beside the fact that fountainhead is a cinematic adaptation of tour de force by director king vidor, its failure to deliver its philosophical concepts just bares the limit of cinema as an apparatus to sharpen human wits, on the contrary, cinema could blunt the human wits due to its overt saturation of images (respresentation) and fluent narratology which aim to exhilarate your percpetive sentiments instead of triggering your mind into meditation. in the case of fountainhead, it simply becomes a sensual legend in the celebration of the potency of masculinity: it's about an architect who raises his chin up to cope with all the obstacles, and him alone against the world. at last, the phallic male is rewarded just like all the old-hollywood pieces. he succeeds and walks home with the most beautiful woman in the scene. seriously, would you probe the meaning of being an individual or american collectivism after viewing the movie?

does cinema make you think? even it does guide you into thinking, could it be more than an elaborate indulgence of avant-garde aesthetism or blind-fold you into identifying with an ideology by this compelling aesthetics?
Apeneck F

Super Reviewer

July 21, 2007
The voice of one crying in the wilderness, Ayn Rand's script based on her novel is not perfect by any means, nor is this film. But ... its point, its directness, its dynamic, its resonant impact is seldom seen and hard to ignore. A must see.
AJ V

Super Reviewer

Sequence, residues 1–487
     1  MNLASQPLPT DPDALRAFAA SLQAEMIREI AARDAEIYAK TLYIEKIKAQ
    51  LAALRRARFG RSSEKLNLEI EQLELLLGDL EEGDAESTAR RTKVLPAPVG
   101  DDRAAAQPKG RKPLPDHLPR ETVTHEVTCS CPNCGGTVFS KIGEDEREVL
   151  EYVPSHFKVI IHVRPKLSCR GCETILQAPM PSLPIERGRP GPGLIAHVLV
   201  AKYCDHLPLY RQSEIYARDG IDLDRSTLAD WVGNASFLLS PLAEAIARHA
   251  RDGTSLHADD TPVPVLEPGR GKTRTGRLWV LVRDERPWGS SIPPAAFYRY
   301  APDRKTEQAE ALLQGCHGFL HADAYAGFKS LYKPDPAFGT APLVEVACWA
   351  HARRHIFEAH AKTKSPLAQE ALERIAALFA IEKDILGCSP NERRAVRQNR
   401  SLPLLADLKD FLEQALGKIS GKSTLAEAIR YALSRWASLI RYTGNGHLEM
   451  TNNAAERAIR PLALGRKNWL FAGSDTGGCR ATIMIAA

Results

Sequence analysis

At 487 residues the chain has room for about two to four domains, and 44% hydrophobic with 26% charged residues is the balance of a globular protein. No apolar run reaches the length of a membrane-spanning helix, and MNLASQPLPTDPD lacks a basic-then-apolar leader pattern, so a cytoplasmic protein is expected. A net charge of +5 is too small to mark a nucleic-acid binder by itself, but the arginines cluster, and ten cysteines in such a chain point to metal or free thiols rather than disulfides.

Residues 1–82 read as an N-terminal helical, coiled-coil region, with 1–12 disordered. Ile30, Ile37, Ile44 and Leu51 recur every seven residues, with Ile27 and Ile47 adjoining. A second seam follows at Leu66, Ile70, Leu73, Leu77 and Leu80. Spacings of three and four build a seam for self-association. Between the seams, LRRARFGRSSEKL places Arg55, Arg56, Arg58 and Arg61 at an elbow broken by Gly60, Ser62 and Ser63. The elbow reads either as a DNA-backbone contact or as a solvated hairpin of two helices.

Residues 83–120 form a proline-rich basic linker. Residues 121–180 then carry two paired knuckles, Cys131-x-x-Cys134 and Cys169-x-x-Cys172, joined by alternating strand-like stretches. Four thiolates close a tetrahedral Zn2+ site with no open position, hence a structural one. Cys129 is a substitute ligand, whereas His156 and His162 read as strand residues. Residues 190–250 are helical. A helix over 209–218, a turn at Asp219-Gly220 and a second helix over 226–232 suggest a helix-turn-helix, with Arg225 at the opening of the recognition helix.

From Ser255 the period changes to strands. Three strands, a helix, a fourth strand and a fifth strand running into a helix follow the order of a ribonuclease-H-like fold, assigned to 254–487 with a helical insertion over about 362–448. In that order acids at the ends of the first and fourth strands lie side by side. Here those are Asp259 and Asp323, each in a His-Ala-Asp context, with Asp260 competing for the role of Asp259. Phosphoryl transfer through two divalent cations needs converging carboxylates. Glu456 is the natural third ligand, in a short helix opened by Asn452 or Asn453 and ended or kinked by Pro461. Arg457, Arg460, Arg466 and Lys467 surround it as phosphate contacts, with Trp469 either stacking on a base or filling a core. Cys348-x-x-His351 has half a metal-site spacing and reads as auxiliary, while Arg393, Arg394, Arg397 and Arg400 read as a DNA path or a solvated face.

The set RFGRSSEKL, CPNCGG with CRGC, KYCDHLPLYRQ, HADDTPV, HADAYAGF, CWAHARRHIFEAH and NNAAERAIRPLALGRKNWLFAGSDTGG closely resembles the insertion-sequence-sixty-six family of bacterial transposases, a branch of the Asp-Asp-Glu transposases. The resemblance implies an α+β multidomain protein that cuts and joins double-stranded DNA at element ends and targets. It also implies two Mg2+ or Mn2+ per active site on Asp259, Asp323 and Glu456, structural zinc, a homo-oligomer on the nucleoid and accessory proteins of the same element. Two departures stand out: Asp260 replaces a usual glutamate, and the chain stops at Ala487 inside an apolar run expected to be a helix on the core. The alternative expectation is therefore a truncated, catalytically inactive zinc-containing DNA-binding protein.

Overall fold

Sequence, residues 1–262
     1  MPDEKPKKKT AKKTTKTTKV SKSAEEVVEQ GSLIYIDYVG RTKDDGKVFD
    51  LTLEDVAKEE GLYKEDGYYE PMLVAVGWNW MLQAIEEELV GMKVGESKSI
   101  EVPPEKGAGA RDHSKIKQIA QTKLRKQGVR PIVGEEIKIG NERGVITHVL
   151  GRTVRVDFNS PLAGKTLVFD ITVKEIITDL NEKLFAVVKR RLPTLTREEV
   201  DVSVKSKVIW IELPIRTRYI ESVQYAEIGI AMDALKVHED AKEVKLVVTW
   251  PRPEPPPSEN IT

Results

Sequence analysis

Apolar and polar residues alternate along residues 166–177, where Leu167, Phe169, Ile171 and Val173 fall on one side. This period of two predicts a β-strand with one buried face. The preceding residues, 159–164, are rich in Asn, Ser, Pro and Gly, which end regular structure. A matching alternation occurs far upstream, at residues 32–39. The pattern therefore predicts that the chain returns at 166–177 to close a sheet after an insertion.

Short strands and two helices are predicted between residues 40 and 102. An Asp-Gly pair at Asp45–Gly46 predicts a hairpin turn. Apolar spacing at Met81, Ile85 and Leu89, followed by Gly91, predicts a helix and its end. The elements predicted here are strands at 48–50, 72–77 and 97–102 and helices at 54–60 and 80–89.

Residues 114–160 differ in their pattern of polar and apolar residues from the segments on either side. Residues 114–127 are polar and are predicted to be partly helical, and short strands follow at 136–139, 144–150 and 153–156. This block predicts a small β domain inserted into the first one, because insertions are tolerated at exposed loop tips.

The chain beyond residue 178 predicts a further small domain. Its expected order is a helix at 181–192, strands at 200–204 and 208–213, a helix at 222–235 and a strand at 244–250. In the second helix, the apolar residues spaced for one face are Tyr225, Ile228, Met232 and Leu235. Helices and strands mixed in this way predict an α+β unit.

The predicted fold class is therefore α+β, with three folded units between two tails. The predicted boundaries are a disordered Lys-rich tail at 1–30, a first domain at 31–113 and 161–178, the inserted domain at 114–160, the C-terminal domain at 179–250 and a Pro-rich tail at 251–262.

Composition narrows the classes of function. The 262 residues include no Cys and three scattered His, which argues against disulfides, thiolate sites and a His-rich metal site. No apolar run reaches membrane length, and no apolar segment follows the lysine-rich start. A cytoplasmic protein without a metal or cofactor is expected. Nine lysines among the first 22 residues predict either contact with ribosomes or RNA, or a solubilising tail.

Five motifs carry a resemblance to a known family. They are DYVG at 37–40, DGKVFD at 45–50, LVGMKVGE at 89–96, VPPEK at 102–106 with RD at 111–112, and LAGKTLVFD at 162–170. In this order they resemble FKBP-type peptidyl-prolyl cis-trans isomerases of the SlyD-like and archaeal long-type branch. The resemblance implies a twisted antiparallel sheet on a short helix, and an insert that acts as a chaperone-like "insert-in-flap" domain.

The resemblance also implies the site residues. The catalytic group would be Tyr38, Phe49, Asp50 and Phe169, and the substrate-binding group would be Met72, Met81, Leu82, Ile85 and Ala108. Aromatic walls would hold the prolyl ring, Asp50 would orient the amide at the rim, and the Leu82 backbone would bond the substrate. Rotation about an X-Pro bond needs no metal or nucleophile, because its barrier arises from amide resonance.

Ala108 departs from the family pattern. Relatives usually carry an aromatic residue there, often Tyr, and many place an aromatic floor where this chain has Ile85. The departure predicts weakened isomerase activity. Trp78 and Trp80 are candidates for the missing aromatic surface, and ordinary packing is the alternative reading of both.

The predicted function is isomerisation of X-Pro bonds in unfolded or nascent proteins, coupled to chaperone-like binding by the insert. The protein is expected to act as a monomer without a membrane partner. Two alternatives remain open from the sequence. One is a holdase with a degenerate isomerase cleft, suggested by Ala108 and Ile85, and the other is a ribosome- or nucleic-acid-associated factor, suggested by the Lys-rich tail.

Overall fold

September 5, 2010
A fantastic story about individuality in the industrial world, but the romance tries to steal the show. I liked it, but it would have been better if they could have balanced the drama and romance better.
jjnxn
jjnxn

Super Reviewer

March 23, 2008
Heavy handed psycho babble given the Hollywood treatment. Patricia Neal looks beautiful even though her acting here is often overwrought something that is rare for her, one of the great naturalistic actress. Cooper is adequate but he and Patricia Neal share very little on screen chemistry, odd since they had a torrid affair off screen that almost destoyed Cooper's marriage. Massey is terribly wooden which may have been a choice the actor made to show the constriction of the character but it's distracting. There is one really fine performance contained herein and that's Robert Douglas as the venal and amoral writer, he oozes slime whenever he's on screen. The film itself isn't bad but it does get mired in long talky patches.
Ken S

Super Reviewer

May 5, 2007
A Rand-ian call to arms!

Cooper is amazing (as usual) and the art direction is even better.
Michael G

Super Reviewer

January 25, 2007
I can't say exactly why I love this movie. The cinematography and set design are amazing. The philosophy'a also interesting. The hammy overacting and often extreme plot definitely help. But I think the "world" of this movie is great as is its dynamicism. Gary Cooper is great and as much as I liked Patricia Neal, I would've loved to seen Barbara Stanwyck in that role.
Anthony V

Super Reviewer

January 23, 2008
Not even half as good as the book, but has its moments.
August 17, 2012